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Center for Food Industry Excellence - Texas

Investigators
Brashears, Mindy
Institutions
Texas Tech University
Start date
2010
End date
2012
Objective
  1. Improve the safety of imported foods from Mexico and other Central American Countries
    Outcomes: Safety of imported meat products will be improved by reducing pathogen loads from up to 40% in meats to less than 10% over the next 5 years. These products will be consumed in the US and Mexico thus reducing food-borne illnesses and improving food safety locally and globally. Providing a safer product in Mexico and reducing the number of deaths due to food-borne pathogens, especially in children ages 0-4 as food-borne illness is the number 1 cause of death in this age group in Mexico, will have a positive impact on global food security. This work will be done in cooperation with the US Meat Export Federation and COMECARNE thus improving US and Mexican trade relationships.
  2. Reduce food-borne illness through educational programs in the meat industry in the US and Mexico
    Outcomes: Food-borne illnesses are reduced in the US and Mexico as described in objectives 1 and 2 by providing food manufacturers state of the art technologies in food safety
  3. Improve the safety of needle tenderized meat products in the US
    Outcomes: Reduction of outbreaks, illnesses and recalls associated with needle tenderized products from 4-6 in recent years to 1 or fewer due to Salmonella and/or E. coli O157:H7 contamination.
More information
NON-TECHNICAL SUMMARY: we will improve the safety of imported foods from Mexico and other Central American Countries. Ultimately improving the safety of imported meat products will by reducing pathogen loads from up to 40% in meats to less than 10% over the next 5 years. These products will be consumed in the US and Mexico thus reducing food-borne illnesses and improving food safety locally and globally. the reduction of food-borne illness will be accomplished through educational programs in the meat industry in the US and Mexico thus food-borne illnesses are reduced in the US and Mexico as described in objectives by providing food manufacturers state of the art technologies in food safety Additionally, improving the safety of needle tenderized meat products in the US will result in a reduction of outbreaks, illnesses and recalls associated with needle tenderized products.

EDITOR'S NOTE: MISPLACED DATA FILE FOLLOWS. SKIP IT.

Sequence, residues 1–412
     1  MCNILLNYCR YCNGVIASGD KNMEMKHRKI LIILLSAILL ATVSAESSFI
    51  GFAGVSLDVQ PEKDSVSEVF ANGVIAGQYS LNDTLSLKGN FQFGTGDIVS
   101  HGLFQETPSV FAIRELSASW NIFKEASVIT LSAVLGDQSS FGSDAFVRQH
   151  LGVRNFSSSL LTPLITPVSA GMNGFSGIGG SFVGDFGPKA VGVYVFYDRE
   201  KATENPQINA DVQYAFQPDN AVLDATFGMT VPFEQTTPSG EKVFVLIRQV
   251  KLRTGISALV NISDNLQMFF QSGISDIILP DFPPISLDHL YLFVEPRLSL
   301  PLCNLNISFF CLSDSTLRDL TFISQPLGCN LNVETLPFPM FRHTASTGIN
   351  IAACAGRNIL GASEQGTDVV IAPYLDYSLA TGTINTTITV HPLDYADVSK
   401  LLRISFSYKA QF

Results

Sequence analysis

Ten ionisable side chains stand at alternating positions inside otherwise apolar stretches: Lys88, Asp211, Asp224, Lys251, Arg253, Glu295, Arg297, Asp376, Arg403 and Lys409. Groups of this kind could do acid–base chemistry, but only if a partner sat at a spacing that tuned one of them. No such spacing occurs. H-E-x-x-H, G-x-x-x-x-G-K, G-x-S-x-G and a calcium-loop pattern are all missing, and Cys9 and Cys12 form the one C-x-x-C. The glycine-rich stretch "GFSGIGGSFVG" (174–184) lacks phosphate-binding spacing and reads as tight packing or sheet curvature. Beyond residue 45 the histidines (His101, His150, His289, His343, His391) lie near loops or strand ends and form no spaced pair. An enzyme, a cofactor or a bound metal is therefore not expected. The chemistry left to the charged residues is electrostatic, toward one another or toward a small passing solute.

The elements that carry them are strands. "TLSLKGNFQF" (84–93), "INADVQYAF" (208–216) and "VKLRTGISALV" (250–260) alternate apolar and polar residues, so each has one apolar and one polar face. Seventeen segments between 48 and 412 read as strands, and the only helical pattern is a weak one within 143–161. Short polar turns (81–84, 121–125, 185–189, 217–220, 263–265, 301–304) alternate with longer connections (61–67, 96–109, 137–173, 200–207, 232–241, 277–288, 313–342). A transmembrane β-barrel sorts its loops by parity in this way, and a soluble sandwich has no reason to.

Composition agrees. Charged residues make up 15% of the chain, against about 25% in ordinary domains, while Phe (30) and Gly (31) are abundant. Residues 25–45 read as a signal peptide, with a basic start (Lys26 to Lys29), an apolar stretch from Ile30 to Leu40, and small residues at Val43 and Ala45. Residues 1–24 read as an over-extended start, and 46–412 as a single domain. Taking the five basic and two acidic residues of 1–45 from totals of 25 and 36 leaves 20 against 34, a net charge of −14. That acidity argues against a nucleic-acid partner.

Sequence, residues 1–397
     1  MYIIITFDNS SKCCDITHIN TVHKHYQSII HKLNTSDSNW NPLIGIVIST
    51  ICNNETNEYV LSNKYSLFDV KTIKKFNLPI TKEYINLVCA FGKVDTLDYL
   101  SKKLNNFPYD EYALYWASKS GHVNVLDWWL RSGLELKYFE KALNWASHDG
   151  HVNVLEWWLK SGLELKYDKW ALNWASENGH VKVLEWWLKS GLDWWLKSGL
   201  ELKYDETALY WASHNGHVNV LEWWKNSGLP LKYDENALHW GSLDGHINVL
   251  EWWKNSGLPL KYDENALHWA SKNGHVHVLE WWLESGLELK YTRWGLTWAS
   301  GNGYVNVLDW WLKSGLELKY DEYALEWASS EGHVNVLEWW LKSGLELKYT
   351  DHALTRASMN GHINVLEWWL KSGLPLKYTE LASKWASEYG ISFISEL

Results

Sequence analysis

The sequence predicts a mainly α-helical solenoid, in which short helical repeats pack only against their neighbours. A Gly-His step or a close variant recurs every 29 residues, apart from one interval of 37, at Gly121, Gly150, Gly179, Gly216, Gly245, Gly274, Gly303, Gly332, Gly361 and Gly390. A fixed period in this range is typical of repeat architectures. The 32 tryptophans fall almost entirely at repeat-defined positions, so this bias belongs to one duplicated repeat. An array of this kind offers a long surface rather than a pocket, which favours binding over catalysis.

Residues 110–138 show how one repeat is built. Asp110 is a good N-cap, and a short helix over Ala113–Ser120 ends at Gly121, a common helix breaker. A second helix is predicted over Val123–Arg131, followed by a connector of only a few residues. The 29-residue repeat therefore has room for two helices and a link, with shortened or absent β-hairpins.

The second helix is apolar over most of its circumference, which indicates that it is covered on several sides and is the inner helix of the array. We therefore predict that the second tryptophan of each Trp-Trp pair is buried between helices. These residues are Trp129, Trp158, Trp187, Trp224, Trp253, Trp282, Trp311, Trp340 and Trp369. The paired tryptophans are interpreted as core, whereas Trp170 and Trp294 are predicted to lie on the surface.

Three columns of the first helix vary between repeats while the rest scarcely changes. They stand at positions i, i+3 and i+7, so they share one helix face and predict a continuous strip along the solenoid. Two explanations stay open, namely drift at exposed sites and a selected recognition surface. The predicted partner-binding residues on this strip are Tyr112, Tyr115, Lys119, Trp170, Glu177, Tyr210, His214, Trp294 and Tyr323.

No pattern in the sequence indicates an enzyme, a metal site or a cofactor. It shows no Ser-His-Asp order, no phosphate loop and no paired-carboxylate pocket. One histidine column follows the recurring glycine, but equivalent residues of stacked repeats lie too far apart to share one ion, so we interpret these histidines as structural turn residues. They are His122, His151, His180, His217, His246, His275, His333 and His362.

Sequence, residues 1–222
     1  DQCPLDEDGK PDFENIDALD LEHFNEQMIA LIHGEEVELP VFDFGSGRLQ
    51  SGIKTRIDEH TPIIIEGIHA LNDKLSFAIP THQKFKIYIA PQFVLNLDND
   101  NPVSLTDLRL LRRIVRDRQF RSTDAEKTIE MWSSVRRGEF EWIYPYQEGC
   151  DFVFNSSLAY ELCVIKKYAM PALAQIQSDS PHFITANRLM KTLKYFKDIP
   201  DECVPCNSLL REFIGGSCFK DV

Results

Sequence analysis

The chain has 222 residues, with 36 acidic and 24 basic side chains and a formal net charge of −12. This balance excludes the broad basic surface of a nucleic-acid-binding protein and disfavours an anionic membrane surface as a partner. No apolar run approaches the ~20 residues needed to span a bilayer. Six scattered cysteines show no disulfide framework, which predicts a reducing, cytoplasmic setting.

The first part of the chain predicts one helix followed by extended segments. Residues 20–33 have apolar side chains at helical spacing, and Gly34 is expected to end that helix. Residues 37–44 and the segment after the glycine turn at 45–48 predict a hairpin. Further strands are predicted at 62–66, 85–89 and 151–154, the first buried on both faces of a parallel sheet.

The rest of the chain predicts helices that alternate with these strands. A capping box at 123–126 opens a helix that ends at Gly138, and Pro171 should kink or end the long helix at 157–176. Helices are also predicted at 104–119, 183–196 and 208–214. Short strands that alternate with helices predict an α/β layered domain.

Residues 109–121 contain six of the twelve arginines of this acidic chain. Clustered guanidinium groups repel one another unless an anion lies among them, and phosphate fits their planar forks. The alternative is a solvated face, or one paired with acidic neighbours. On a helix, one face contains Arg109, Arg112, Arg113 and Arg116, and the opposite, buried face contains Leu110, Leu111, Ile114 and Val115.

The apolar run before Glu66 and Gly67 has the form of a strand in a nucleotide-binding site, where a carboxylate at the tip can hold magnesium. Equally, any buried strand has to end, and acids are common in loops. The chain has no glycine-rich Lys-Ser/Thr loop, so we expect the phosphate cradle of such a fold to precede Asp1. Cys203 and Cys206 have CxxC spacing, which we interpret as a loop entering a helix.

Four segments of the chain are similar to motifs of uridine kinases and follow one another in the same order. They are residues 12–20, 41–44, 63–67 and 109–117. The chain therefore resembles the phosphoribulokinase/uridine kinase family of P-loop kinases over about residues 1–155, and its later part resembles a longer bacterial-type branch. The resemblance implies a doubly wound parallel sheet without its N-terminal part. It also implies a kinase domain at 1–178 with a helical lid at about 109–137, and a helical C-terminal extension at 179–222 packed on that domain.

APPROACH: We will determine educational needs in the Mexican meat industry by conducting a needs assessment among industry employees with the assistance of COMECARNE and USMEF. We will also establish needs by conducting audits of facilities and collecting microbiological data in the processing plant. After identifying gaps in the system, we will develop training programs and implement interventions in the plants and follow up with microbiological testing and audits to determine the impact on the pathogen loads in the products. The program will result in safer products being shipped into the US. Additionally, it will provide food security for the Mexican citizens reducing pathogen prevalence in their food supply. We will also evaluate interventions to reduce the pathogen prevalence in needle tenderized beef products. In recent years, there have been outbreaks associated with needle tenderized products because they are considered "whole muscle" and thus cooked at less than 160 F when served. However, during the tenderization process, pathogens can be transferred into the surface. We will evaluate the use of ASC, organic acids and lactic acid bacteria on the survival of E. coli O157:H7 and Salmonella in these products.

Funding Source
Nat'l. Inst. of Food and Agriculture
Project source
View this project
Project number
TEXW-2010-01453
Accession number
221584
Categories
Natural Toxins
Food Defense and Integrity
Bacterial Pathogens